Family doctor can “no longer stand idly by”

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David F. Keely, M.D.

Family Medicine and Public Health, Rock Hill, SC

Remarks made at the Truthful Tuesday Coalition’s Enough is Enough rally Jan. 14.

On behalf of Healthcare For All – South Carolina, our state’s chapter of Physicians for a National Health Program, it gives me great pleasure to welcome everyone today for this important message about health care, present and future, in our state.

As a family physician with additional training and experience in public health, I have come to the point in my career of 35+ years in South Carolina where I can no longer stand idly by.

The term “health justice” is not heard often enough or loudly enough nowadays. Today we have already heard the disturbing information about the number of individuals who die unnecessarily every year in our state because they lack access to affordable, basic health care services – where is the justice in that?

Affordable and accessible quality health care for all should be the end goal in our country – and the Affordable Care Act [ACA] is a step in that direction.

In our current U.S. healthcare “system”, over 1,000 insurance companies offer a complex array of coverage plans; disgruntled physicians struggle daily with all the different private insurance “rules”; and, the administrative overhead of it all costs us as citizens about $400 BILLION each year! That’s enough “wasted money” to provide ongoing, accessible, affordable, quality healthcare (both preventive and sick care) for ALL 48 million Americans who are currently uninsured.

Over the past year, HFA-SC has reached out to community organizations, the faith-based community, and young physicians – newly-trained nurse practitioners. The ongoing debate in South Carolina about ACA-related Medicaid expansion has helped energize HFA-SC’s grassroots advocacy efforts. Yes, clearly the “new Medicaid” in South Carolina under the ACA brings essential health benefits that are not part of “existing SC Medicaid” – and what is at stake? — the current health and future welfare, educability, and productivity of South Carolina’s people all over the state! And I am here to say that our state’s physicians really need to speak out on this.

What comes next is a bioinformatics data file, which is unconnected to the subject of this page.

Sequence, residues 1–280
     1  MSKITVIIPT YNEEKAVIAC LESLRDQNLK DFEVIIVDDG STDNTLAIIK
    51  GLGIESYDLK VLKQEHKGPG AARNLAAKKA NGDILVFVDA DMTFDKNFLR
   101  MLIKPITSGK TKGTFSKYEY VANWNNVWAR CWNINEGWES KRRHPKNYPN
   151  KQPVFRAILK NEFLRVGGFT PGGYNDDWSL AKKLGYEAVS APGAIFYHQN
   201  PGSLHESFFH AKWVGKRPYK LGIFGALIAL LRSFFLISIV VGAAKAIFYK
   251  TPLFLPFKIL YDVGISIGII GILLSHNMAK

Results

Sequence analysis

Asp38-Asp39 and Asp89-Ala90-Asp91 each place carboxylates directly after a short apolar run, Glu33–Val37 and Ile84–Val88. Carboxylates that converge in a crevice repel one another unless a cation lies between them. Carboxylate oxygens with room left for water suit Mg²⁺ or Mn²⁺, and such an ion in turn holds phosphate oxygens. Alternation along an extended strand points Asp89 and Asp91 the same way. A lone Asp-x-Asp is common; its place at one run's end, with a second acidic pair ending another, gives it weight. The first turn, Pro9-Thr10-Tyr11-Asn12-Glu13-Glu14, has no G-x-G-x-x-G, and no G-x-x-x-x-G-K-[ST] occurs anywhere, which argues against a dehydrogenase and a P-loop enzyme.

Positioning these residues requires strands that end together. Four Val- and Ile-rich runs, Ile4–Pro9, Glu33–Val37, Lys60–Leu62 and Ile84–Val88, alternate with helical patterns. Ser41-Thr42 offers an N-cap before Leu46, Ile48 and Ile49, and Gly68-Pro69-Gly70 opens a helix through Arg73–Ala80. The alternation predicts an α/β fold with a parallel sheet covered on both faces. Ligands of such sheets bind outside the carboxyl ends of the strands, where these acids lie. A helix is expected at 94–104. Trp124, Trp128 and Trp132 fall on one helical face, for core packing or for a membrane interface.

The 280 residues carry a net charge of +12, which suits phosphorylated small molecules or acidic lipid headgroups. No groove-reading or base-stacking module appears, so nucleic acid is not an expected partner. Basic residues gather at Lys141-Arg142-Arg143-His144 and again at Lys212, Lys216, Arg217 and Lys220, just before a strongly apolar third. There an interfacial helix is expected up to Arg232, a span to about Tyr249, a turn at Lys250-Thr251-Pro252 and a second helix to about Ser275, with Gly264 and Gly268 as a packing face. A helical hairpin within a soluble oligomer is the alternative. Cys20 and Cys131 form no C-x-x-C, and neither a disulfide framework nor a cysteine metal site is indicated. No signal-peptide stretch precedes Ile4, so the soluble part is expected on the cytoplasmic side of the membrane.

Officially, the South Carolina Medical Association’s Board of Trustees is staying neutral, despite our important grassroots voices gaining steam on the “new Medicaid” expansion issue in our state. From the SCMA website last legislative session, where it addressed the Affordable Care Act’s “new Medicaid” expansion, I quote: The SCMA’s Position The SCMA agrees with finding solutions to provide health care to all South Carolinians. However, we are concerned that the Medicaid expansion is a temporary and unsustainable fix that is not the solution for the long term health issues facing South Carolina.

This statement came across to me as the SCMA backing Governor Haley — I have to wonder though that that is not the true voice of physicians practicing in this state – and so I am glad that we are having this rally today to shed further light on that.

As a family physician (and small businessman), sure, I see existing South Carolina Medicaid insurance as needing to be more efficient — but HHS Director Tony Keck is already making good progress on this front, so existing SC Medicaid inefficiency is NOT a reason for refusing the “new Medicaid” expansion opportunity. Saving the lives of needy and deserving South Carolinians is what this debate needs to be about, first & foremost! That indeed is a smart investment!

As a family physician (who is active in the faith-based community in Rock Hill), I shudder and bleed compassion when I have to look into the face of medical bankruptcy and then also the ravages of totally preventable, advanced chronic disease in both rural and urban areas of our state.

Stories abound, as my colleagues gathered here today can well attest – economically-struggling, hard-working South Carolina adults with a poverty-level income, without dependent children, and thus no access to affordable health care due to the refusal of our state to extend the “new Medicaid” under the ACA to them.

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